By Eduardo Asunsolo
For a good many years, Nxivm did not reply to the media. This began right after a 2003 story in Forbes, entitled Cult of Personality, was published. The story came out rather differently than Keith Raniere and others from Nxivm who had participated in the story expected.
At that point, Nxivm assumed a general distrust of media that lasted for years. There were two notable exceptions to the “avoid media” policy, which were when Clare and Sara Bronfman retained Frank Parlato to be Nxivm’s publicist in 2007, and he went out and contacted media on Nxivm’s behalf; and again in late 2017 when Keith, Clare, Nancy Salzman, Allison Mack, and others consented to be interviewed by Vanessa Grigoriadis for the New York Times Magazine.
Frank Parlato’s tenure with Nxivm was brief and ultimately turned acrimonious after he was fired. His response was, among other things, to create the Frank Report – which, by an odd turn of events, I am using to present my opinions in 2020.
Vanessa’s story, entitled Inside Nxivm, the ‘Sex Cult’ That Preached Empowerment, was intended to set the record straight on several issues, some of which, it was hoped, would help clarify and correct erroneous media reports about Keith and others in the group and the sorority named DOS.
The Times Magazine story was not published for months and by the time it finally was, Keith and Allison had already been arrested.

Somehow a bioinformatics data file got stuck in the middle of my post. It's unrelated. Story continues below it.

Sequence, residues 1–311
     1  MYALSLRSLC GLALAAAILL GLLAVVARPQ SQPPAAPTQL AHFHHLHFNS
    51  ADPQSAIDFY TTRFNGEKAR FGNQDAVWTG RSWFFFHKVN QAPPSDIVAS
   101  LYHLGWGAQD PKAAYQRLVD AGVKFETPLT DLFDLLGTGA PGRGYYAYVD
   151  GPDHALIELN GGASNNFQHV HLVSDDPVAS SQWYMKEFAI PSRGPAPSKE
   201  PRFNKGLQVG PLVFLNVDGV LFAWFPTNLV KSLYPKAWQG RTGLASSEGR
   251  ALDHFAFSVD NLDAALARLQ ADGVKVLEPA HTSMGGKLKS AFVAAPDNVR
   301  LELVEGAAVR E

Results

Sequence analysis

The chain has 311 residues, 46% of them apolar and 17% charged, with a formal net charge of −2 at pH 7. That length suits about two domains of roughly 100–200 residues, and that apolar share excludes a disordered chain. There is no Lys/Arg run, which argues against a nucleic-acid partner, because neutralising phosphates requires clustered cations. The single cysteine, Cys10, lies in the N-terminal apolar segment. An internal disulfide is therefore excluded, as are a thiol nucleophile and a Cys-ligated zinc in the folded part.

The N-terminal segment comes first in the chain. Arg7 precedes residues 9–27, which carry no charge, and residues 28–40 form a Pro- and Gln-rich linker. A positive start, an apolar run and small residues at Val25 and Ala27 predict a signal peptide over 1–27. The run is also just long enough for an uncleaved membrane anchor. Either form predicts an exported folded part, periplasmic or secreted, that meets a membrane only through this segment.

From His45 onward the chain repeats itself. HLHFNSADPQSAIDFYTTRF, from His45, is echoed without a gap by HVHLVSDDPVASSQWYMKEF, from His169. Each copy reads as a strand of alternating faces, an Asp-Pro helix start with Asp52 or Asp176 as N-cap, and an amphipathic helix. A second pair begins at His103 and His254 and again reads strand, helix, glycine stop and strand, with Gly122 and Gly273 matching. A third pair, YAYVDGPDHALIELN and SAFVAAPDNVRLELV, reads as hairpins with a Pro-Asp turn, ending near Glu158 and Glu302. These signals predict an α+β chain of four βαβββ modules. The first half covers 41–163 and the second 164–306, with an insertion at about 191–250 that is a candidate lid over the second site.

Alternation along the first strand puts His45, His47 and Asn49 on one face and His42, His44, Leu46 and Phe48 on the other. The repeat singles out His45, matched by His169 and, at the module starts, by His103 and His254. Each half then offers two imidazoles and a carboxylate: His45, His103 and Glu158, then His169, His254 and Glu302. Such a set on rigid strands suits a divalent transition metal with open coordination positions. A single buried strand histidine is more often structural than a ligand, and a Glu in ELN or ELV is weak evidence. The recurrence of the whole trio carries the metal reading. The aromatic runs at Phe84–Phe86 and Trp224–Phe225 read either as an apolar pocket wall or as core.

Since that time, there have been literally thousands of stories. written about Nxivm. Frank has a list on this website, but there are many more. Nxivm chose not to respond to any of them.
In fact, it was only recently that supporters of Keith Raniere decided to try a new approach whereby they would respond to correct erroneous statements in published articles.
For me, that approach is that whenever I find a media story about Nxivm that contains errors, I will try to correct the record. Since Frank Report is the go-to location for people interested in the Nxivm story, I think it will be helpful to publish these corrections here.
I will try to limit my opinions in these reports. Most readers know I stand behind Keith Raniere. However, I have made a commitment to examine all the facts – and if I’m wrong about anything, to adjust accordingly.
I ask the same of anyone interested in this issue. I will also ask you to be courteous, even though you may disagree with me. If I am wrong about Keith Raniere and you are right, then, if you care, I welcome you to persuade me. The best way to do that is to use facts and logic, not ad hominem attacks.
If I am brainwashed, as some of you seem to think, the antidote is to get me unwashed. To help me wake up.
The definition of brainwashed is “to make someone believe something by repeatedly telling him or her that it is true and preventing any other information from reaching him or her.”
Well, I am here, ready to listen to any information anyone cares to share. I only ask that it be fact based, not couched in the language of personal attack.